One of the projects I was leading in my previous lab (at CICbioGUNE) was recently published in Structure. Pyruvate Carboxylase (PC) is a multifunctional tetrameric enzyme that is involved in several biosynthetic pathways. This enzyme has two catalytic domains and it is known that a domain, known as the BCCP domain, travels between both catalytic sites; thus linking the corresponding chemical reactions. The malfunctioning of this important enzyme is related to diseases that predominantly manifest with lactic acidemia and neurological dysfunction.

When I started working on this protein back in 2008 there were two crystallized structures of this enzyme, both with a similar quaternary structure yet with a fundamental difference that was not well understood: the different arrangement of a domain, key for the function of the protein, known as as PC tetramerization (PT) domain or allosteric domain. This domain showed a symmetrical arrangement in S. aureus while it showed an asymmetrical arrangement in R. etli. The lack of consensus on this functionally important domain led to the assumption that such difference was due to speciation. However, I found this difficult to believe considering that i) PC carries out exactly the same molecular function in both species; ii) how important the PT domain is for the function of this enzyme and; iii)  how similar the overall quaternary arrangement of the tetramer is in both S. aureus and R. etli. On top of this, a recent work on a truncated PC from R. etli showed, unexpectedly, a symmetrical arrangement of the PT domains opening up the door for new answers to this unresolved question.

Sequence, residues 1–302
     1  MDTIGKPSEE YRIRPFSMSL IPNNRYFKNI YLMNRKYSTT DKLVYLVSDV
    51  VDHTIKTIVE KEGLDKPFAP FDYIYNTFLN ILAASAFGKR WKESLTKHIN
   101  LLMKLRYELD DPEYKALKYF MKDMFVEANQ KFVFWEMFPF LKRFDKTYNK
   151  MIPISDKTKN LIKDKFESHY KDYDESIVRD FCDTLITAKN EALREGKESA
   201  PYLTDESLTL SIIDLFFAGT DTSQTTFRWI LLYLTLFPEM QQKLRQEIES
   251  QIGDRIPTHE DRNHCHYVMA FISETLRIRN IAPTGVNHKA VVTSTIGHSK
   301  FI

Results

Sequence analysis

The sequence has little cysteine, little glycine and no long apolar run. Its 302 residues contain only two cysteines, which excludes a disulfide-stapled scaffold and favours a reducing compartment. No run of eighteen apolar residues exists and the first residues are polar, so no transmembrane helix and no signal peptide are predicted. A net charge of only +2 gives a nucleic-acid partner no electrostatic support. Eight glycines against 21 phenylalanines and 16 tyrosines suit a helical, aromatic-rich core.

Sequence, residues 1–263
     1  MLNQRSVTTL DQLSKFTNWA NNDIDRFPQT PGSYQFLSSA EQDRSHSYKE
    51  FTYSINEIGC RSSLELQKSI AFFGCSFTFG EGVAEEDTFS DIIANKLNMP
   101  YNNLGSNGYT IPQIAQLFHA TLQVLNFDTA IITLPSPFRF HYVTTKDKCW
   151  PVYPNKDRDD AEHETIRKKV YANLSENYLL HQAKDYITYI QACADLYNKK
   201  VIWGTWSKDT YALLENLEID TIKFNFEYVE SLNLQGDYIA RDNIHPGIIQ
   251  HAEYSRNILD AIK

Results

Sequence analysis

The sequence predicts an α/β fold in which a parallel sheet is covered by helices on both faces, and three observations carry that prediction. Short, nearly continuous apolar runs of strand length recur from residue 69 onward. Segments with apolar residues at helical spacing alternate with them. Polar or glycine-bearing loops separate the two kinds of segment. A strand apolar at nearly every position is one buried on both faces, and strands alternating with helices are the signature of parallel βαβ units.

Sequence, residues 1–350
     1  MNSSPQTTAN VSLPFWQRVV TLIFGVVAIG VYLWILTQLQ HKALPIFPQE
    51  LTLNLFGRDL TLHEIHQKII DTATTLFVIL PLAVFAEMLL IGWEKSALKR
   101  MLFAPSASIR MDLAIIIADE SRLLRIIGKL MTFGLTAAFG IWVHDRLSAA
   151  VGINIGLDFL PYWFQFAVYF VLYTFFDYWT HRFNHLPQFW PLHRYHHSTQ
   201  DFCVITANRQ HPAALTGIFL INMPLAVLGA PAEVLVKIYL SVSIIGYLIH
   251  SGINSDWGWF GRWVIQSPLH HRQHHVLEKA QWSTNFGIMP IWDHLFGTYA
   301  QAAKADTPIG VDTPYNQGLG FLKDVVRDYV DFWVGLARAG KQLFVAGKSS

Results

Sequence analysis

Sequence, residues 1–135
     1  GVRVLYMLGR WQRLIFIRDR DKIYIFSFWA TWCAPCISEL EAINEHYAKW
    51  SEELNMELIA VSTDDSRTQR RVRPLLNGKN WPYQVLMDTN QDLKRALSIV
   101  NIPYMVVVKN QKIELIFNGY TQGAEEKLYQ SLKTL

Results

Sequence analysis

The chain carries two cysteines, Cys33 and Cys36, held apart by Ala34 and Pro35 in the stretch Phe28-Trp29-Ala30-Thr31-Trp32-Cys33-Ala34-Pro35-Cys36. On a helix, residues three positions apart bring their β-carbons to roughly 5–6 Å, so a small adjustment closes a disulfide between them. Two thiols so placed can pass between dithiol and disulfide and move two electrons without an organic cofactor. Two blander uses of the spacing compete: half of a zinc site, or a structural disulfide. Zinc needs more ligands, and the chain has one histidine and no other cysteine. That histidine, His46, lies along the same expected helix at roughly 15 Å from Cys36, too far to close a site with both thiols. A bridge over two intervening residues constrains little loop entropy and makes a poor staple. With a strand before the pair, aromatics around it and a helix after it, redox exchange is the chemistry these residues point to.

In this published work, we precisely tackled this question and showed that such conformational difference corresponds in fact to different conformational states of the enzyme rather to speciation. For this, we perfomed cryo-EM on working PC enzymes from S. aureus. Given the fact that each copy of PC would be in a different stage of this catalytic cycle, the challenge here was to sort out the single particle images into different conformational states. Luckily for us, existing computational methods are capable of separating conformations within conformational heterogeneous datasets. Our results showed that PC in S. aureus not only mapped to the known symmetrical conformation but also to the assymetrical conformation. Furthermore, we were able to assign each conformational state to a particular  enzymatic reaction (PC carries out two enzymatic reactions, each taking place in a diferent catalytic site) and suggest the conformational transitions happening throughout the catalytic cycle.

Our work has brought together different structures and gives light into how this protein, and similar ones, carry out their function. Also, I think that this work is a good example of how important combining different techniques can be to achieve one goal. Here, we combined X-ray crystallography, cryo-EM and molecular dynamics into one integrative modeling pipeline in order to get a bigger picture of our biological question.